One of the great ironies during the decade of ZIRP/NIRP and QE, is that while it created plenty of asset price inflation, it created minimal consumer price inflation. I suspect this is because free money brought forward all sorts of unprofitable new supply, creating oversupply in most industries and crushing end-market pricing.
Look at shipping for instance, excluding some brief spikes, you’ve had all these vessels losing a few thousand a day because of oversupply. In a normal market, owners would be forced to liquidate assets as leverage ratios increased and debt covenants were violated. Instead, during the most recent decade, operators kept losing money and banks ignored it because interest rates were so low that it didn’t matter—they could just add the accrued interest to principal and overall principal levels would barely budge. Even more amazingly, these same owners were able to go out and borrow additional money to order more new-builds; to be delivered in an over-saturated market. No wonder shipping rates collapsed and have stayed down.
A similar thing happened in shale oil. These wells aren’t profitable using full-cycle economics with WTI anywhere near current prices, but that didn’t stop these companies from being able to raise hundreds of billions to go drill wells that were net destructive of capital. As you could imagine, this increase in oil supply led to lower realized oil prices.
The same trends happened in all sorts of other sectors from office buildings to high-end luxury apartments, from fast casual restaurants to retailers, from iron ore mines to frack sand. You get the point, cheap credit led to too much supply and it crushed the prices of the inputs that ultimately lead into consumer price inflation. Nothing shows this better than the fact that oil bottomed at roughly the same time that 10-year yields bottomed in 2016.
Now, these trends are going in reverse. Interest rates are going up and new supply is abating. As an investor, I want to be invested in sectors where they will not be adding much new supply—especially if I can buy existing supply at a fraction of what it cost to build it a few years back. This is because as new supply abates, existing supply will begin to have pricing power and become more profitable.
With that in mind, over the summer, I built up a large position in offshore drilling supply equipment providers. My view was that I was buying steel at 20 to 30 cents on the dollar—prices that would clearly disincentivize new construction. More importantly, as oil prices increased, this equipment would go back to work. All summer long, I spent my time listening to conference calls and reading industry publications. At the time, it was clear that tenders for equipment were accelerating and that 2019 would be the first year of recovery after a 5-year downturn. Then, oil declined by 35% and my thesis died with the price of oil. In selecting investments, I always worried that oil prices could decline, so I purchased companies like Tidewater (TDW – USA) with no net debt or companies like Ensco (ESV – USA) and Noble (NE – USA) with well termed out debt. I wanted long-term call options on an industry recovery. Unfortunately, this oil price decline has postponed the offshore recovery for a year or possibly longer. My thesis is still alive, but I’m clearly wrong on the timing.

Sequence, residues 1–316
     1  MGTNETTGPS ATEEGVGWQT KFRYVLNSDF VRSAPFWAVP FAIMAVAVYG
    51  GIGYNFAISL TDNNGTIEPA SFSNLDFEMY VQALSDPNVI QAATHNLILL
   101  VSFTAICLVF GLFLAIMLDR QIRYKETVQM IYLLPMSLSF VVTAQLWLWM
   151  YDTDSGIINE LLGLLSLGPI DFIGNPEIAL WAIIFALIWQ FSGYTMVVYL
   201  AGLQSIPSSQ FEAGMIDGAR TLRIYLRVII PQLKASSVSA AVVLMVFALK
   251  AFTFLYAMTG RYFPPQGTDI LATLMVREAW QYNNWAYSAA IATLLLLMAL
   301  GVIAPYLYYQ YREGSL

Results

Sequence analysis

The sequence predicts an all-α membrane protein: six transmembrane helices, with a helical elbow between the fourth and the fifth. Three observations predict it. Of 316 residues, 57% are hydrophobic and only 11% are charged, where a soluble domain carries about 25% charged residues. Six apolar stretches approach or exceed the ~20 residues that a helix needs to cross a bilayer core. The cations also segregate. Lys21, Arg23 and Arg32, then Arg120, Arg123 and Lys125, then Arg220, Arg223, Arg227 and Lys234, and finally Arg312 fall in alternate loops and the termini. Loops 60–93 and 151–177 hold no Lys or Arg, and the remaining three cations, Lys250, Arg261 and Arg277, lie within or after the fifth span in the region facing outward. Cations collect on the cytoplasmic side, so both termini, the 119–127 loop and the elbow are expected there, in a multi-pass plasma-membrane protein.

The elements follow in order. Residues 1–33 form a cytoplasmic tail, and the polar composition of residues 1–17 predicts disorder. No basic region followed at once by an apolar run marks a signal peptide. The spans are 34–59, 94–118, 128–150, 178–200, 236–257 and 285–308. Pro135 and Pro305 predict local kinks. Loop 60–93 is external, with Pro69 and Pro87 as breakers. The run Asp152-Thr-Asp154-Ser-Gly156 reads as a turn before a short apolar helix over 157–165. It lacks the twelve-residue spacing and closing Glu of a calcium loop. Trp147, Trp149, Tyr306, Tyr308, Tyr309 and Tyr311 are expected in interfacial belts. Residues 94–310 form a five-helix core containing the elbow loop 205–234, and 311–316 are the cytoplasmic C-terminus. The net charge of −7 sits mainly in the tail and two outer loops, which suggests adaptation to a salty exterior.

Fortunately, I bought these stocks cheaply, just as their recovery started. Even more fortuitously plenty of other stocks have declined recently—companies where the underlying trends are unusually bullish, like natural gas producers. I complain a lot about my taxes, but at least I get to write off losses when I can. These losses are valuable—especially given how good this year has been for the home team. With that in mind, over the past two weeks, I have sold all of my offshore equipment suppliers (with the exception of my TDW warrants) and transferred the capital into natural gas producers. Incidentally, over the past two months, these natural gas producers are down even more than the offshore supply equipment companies I sold—despite the fact that natural gas may have just started a multi-year recovery. If a bunch of energy funds are going to liquidate and sell their natural gas producers, I might as well take advantage of that and capture the tax losses along the way. I can’t complain about that.
While it has been frustrating to see some pretty large gains turn into small losses in the offshore sector; that is the nature of investing. Then again, with natural gas potentially about to lift off, I much prefer exposure there. Remember, with natural gas producers, you are buying drilling locations, infrastructure and existing wells at a fraction of what it cost to acquire and drill them. More importantly, you are getting current supply with exposure to near-term pricing increases. Just as importantly, as capital dries up, they will begin to drill fewer oil shale wells. Thus far during 2018, there has been roughly a 10 Bcf increase in overall supply but approximately 5.5 Bcf of it has come from byproduct gas associated with shale oil. What do you think happens when that byproduct production slows or declines with less drilling? Remember, shale wells decline at 60-80% a year. Given the rapid increase in demand, this should lead to a re-pricing of natural gas.
Finally, the natural gas producers in my basket are just silly cheap. What do you think happens when gas settles out in the mid $3’s and netbacks per mcf double? What if netbacks triple?
Disclosure: Funds that I manage are long TDW Warrants, AR, GPOR, RRC, SD